Today, one of the most iconic classic motorcycles is the BMW /5. You can probably find one within an easy drive of anywhere in the USA. Around 69,000 of them were produced, which is a very healthy number for a premium machine back in the early 1970s. BMW mastered the art of varying displacement and aesthetics, around a single chassis to leverage investments in tooling. A great success story. But it very nearly wasn’t. In fact, it was the result of a key moment when BMW stood on the brink of halting motorcycle production altogether.
It is well known that the Quandt family rescued BMW from being purchased by Mercedes in 1959. The company then introduced the 700, and the Neue Klasse cars which are generally credited with returning the company to health and then market leadership. However, at the same time, motorcycles were not on such secure footing, and there were discussions about ending motorcycle production just as many other brands had done once cheap cars were available. In 1963, Helmut Bonsch convinced management to allow a pilot project to replace the /2. Key to this pilot were 2 former Porsche engineers, Claus von Rucker, and Hans-Gunther von der Marwitz. They replaced the Earles fork with telescoping forks, and developed a cradle loop frame similar in concept to the then already famous Norton Featherbed. Helmut got the green light, and the new machine was designated Type 246.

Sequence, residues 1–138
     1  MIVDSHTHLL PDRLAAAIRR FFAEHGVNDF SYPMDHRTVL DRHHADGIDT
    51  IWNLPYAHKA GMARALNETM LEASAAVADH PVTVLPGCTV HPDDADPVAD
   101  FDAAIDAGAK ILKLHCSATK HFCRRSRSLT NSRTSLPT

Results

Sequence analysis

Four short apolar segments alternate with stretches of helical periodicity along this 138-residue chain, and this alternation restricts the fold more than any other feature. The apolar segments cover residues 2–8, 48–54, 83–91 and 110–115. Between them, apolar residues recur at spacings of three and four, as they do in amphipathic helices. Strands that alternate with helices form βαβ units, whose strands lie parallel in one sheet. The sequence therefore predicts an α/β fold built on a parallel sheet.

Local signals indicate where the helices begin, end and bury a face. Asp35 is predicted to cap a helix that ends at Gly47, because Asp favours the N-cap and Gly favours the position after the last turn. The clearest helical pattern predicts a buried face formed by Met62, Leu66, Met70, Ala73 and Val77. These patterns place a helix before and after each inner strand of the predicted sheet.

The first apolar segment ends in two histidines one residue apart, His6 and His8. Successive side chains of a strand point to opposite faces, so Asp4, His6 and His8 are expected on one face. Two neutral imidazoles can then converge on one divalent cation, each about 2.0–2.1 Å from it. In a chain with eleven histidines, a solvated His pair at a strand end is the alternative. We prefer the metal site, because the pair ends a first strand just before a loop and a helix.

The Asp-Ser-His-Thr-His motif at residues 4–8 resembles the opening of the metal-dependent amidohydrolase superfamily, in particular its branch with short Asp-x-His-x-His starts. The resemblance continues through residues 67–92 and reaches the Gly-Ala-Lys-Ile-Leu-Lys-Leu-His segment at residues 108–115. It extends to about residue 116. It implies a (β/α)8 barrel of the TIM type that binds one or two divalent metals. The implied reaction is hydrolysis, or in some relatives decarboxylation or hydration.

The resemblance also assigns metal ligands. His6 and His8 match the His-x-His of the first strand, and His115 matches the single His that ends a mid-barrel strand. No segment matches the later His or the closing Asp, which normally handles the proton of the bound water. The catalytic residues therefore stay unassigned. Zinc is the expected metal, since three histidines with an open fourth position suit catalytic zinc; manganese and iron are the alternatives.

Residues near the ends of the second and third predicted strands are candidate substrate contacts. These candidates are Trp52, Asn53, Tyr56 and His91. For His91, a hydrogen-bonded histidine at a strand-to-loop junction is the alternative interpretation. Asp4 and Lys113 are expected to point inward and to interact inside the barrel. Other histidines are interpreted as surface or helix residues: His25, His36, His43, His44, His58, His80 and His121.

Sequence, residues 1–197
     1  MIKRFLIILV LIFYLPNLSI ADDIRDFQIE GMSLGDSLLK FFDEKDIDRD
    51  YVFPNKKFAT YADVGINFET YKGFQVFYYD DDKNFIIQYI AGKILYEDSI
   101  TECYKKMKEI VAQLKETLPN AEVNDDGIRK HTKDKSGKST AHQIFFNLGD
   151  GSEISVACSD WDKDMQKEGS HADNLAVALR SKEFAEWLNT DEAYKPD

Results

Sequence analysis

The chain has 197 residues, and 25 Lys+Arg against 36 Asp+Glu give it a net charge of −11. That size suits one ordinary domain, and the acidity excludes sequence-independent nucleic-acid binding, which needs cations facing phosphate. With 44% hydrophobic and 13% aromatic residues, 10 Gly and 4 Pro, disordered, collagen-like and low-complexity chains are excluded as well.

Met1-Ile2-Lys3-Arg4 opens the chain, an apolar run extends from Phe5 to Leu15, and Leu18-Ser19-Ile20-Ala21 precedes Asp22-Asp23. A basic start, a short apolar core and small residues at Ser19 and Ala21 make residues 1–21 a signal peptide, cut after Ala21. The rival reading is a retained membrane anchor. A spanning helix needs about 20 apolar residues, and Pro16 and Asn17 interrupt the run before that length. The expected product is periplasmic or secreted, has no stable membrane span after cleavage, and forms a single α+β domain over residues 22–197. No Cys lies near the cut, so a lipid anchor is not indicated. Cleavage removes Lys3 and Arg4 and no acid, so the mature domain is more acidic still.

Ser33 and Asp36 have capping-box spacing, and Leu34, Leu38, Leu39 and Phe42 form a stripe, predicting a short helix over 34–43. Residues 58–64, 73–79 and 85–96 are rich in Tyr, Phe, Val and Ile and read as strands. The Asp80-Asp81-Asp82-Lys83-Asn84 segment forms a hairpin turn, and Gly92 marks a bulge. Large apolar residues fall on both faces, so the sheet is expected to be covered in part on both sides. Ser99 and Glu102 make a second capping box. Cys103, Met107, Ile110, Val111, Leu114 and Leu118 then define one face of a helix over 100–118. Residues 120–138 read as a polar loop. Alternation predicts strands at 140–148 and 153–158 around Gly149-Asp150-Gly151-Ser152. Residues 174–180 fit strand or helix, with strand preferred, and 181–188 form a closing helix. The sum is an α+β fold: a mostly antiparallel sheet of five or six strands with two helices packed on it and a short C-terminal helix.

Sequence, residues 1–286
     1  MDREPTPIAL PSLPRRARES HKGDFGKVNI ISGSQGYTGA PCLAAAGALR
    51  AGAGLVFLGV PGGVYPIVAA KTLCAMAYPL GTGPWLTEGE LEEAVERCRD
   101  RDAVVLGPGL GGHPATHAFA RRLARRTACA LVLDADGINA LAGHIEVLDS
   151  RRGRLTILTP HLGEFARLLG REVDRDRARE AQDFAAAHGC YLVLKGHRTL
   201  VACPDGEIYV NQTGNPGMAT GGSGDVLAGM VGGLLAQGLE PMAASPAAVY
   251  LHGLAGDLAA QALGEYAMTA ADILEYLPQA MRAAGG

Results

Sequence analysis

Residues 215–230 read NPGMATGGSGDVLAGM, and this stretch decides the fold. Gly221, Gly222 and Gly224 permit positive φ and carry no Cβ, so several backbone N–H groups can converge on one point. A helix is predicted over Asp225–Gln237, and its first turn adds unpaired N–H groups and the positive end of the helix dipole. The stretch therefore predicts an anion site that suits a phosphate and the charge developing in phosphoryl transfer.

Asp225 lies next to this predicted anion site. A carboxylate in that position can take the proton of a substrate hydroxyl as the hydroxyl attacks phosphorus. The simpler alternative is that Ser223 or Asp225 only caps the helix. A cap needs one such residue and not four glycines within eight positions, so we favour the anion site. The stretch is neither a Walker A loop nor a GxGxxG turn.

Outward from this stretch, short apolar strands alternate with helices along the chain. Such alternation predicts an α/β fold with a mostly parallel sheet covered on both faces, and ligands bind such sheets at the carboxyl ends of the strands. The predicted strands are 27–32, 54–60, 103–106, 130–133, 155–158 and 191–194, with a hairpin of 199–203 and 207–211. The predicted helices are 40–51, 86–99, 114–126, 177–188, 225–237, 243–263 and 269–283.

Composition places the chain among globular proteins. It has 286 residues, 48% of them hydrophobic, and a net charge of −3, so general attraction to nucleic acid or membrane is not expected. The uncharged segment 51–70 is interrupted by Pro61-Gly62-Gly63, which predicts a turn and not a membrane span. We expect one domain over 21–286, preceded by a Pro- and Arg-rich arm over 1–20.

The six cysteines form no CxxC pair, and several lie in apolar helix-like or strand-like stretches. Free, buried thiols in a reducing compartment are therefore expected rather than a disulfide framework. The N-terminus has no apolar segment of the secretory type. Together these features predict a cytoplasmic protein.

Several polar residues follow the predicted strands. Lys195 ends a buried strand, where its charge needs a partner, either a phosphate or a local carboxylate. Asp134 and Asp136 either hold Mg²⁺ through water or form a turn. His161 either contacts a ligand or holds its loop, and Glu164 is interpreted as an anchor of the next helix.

However, that did not mean instant production. Resources were lean in the motorcycle division, and the /2 was still doing fairly well. An early Type 246 prototype was built as more of an enduro machine with a high pipe. It entered a few competitive off-road events for testing. Many view this as the true birth of the BMW GS machines. Meanwhile, Alex Von Falkenhausen was head of engine development at the time, and they had been working on a new boxer engine with some shared concepts from the automobile division to reduce costs. Plain bearing crankshaft, camshaft below the crankshaft, duplex chain driven camshaft, electric start, etc. Reliability was valued over outright performance. It was fitted to the chassis and tested. In 1967, motorcycle production was jettisoned to Spandau to allow for increased car capacity in Munich. Telescopic forks made their way onto the now aging /2.
The new /5 was finally introduced at Hockenheim in August 1969. Production began a month later with the R60/5, followed by the R75 and the R50. They were very well received. Another ground-breaking change for BMW motorcycles was the introduction of color. Black with white pinstriping was retained as one option, but by the time the /5 era was ended, they could be had in Police White; Avus Black; Rennsport Red; Gendarmerie Blue; Feather White (Creme); Granada; Bright Minz Green; Algerian Blue, Monza Blue; Green Metallic; Polaris; Golf; Riviera; and Nuerburg Green. The /5 put BMW motorcycles on a stable road of progress that extends to today. The engine continued with relatively minor changes through 1996, a truly remarkable time span given what was happening in the motorcycle industry over that time period.